My first day in Brussels for a study tour of the European Union institutions was yesterday, and, it being Sunday, there wasn’t a ton of official business to transact. Instead, we had the opportunity to visit Chez Moeder Lambic and learn about artisanal beer production in Belgium (short version—there is some delicious artisanal beer), which I thought raised a question of pretty general economic interest.
One of the points the proprietor made is that a huge difference between industrial and artisanal beer making is the time involved. Something like a Budweiser is brewed up in about three days, he said, while Carlsberg is done in just one day. Artisanal beers, by contrast, can take months to make and a Brussels-style lambic requires years.
Now in a super-literal sense, this is just another example of how industrial-scale activity increases productivity. Obviously the artisanal beer guy talked about the rapid pace of industrial beer production with a look of horror on his face, but a huge increase in the speed at which beer can be made is a huge win for beer output. The issue in this case, however, is the tricky question of quality. And, of course, he was pleased to announce that in both Europe and the United States the trend is in the direction of smaller-batch production, revival of artisanal methods, neo-traditional beer making, and increased quality. And, certainly, my perception is that he’s correct, and the beers he was selling are much better than mass-produced beer, and the same is true of the finer microbreweries in the United States. At the same time, in light of the more arduous nature of the production, these beers are more expensive.
So far, so banal. But it is interesting to ponder this kind of trend through the lens of government statistics. A slow-food cheerleader would say that what we have here is an increasingly wealthy society in which people are increasingly willing to pay a price premium for a higher-end product. But this is very difficult to distinguish, as a matter of data and NIPA aggregates, from a scenario in which a “negative technology shock” causes productivity in the beer industry to fall, and, consequently, people begin to pay an inflationary price penalty. We’re losing the ability to produce beer efficiently, and, therefore, prices are rising and living standards are falling. On a ground level, it seems easy to distinguish between these possibilities—you just need to drink the beer and see which one is better. But, obviously, “deliciousness of beer” is not something that easily tracks onto a BLS index. When it comes to basic commodity production, there’s a very clear practical and conceptual distinction between a scenario in which aggregate coal spending goes up because we’re buying more coal and a scenario in which aggregate coal spending goes up because coal is becoming more expensive. But in sophisticated service industries, we tend to see a lot of price differentiation that’s meant to exist on a quality spectrum.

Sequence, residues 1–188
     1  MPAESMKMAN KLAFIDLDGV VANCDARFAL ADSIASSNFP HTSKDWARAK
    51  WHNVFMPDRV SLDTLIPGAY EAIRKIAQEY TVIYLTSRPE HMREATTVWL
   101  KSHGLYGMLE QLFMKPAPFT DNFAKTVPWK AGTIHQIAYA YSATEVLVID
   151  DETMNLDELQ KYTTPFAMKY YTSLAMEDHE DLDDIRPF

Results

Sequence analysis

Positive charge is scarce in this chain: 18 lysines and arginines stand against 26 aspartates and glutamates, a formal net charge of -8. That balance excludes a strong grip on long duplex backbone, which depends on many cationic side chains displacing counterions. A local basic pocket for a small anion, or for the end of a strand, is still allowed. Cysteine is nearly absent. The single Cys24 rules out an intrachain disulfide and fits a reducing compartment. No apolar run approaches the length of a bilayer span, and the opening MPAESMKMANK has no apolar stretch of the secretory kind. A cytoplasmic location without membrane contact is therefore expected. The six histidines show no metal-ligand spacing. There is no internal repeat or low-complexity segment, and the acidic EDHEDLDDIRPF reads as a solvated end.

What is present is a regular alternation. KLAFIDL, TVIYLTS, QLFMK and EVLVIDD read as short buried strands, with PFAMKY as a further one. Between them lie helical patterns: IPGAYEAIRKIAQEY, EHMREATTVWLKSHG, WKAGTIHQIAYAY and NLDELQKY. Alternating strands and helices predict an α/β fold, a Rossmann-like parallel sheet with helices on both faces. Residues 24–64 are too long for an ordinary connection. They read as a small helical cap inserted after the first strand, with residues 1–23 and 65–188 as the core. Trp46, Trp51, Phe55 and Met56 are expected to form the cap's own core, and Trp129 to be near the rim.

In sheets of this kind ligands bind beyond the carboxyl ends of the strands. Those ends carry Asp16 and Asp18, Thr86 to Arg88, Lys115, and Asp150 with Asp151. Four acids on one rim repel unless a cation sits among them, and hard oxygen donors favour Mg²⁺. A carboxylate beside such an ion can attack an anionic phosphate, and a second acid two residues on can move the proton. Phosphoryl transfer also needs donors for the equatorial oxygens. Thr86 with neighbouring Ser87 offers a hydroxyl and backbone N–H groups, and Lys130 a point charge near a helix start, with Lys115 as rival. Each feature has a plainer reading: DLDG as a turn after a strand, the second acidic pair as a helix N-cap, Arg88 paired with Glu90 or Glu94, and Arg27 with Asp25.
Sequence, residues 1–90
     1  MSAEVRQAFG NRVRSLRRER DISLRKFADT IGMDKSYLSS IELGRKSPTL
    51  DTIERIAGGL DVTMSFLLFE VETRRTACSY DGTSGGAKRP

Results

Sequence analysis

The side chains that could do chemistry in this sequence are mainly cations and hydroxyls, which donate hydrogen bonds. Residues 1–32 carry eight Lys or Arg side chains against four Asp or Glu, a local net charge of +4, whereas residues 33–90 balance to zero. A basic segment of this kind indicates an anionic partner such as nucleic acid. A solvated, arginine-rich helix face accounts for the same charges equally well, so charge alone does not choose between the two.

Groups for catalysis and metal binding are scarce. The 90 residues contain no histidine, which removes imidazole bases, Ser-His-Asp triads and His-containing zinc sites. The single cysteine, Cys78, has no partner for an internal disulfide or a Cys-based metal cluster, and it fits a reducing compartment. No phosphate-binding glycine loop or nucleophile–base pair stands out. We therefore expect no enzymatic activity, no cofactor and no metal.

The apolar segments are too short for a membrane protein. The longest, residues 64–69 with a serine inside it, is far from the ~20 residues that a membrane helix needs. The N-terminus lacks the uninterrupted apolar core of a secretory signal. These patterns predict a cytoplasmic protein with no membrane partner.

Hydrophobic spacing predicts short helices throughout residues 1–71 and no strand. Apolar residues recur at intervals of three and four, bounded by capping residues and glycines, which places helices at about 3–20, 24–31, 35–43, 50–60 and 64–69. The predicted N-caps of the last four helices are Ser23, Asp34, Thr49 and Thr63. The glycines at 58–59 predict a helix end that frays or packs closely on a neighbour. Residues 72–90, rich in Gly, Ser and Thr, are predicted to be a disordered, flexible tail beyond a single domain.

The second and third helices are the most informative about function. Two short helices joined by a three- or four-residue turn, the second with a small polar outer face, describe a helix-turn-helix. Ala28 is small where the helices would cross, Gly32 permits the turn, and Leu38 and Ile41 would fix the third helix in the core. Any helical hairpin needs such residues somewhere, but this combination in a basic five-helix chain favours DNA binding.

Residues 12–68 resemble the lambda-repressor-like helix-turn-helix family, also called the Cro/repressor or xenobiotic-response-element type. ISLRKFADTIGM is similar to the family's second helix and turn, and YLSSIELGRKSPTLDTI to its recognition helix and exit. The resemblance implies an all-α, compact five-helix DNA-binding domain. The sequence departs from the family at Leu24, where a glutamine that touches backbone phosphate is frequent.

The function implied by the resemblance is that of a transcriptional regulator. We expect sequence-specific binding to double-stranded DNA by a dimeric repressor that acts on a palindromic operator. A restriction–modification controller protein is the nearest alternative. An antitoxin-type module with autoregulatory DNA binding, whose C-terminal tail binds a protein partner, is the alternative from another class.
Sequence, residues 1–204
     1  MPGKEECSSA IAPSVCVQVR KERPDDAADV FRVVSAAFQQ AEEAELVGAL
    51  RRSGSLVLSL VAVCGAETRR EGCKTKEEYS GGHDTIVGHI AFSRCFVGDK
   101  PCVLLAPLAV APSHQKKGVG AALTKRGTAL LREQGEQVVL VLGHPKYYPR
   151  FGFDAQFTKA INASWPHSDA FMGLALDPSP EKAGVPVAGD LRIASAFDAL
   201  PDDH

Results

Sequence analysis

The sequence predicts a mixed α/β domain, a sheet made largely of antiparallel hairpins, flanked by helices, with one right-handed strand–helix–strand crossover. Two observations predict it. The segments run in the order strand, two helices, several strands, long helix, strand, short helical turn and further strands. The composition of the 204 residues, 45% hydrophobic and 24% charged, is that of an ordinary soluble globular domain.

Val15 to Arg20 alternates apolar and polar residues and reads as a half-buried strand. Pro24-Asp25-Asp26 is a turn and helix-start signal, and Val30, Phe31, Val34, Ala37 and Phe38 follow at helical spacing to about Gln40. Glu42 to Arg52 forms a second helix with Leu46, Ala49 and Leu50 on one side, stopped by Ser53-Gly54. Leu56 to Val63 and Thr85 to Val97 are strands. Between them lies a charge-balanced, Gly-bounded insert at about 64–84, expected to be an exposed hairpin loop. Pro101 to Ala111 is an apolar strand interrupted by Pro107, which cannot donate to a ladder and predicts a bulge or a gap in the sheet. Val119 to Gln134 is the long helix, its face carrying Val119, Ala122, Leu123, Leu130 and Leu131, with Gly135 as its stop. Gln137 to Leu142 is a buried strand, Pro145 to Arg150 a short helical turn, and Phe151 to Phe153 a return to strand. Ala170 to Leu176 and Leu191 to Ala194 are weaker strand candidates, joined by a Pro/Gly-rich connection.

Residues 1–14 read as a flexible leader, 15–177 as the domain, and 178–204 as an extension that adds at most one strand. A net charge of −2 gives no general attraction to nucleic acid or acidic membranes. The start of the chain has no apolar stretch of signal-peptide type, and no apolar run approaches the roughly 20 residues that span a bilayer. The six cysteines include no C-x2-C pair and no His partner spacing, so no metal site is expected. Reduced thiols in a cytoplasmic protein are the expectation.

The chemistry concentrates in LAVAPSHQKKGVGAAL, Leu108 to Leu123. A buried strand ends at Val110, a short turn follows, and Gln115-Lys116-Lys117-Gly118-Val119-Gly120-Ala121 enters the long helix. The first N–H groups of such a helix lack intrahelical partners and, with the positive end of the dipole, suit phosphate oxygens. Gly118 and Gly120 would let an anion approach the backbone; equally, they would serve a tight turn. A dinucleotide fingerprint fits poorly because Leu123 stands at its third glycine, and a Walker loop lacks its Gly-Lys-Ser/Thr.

But whether those locally sourced organic carrots are “really” better than conventional carrots or not is a somewhat imponderable question. You’re going to see intersubjective disagreement. And you’re also going to have to consider that some people may just be made happy by the idea of eating a locally sourced carrot. And, yet, fuzzy as all this gets, it’s downright straightforward as compared with trying to measure quality of outputs in the health care or education sectors.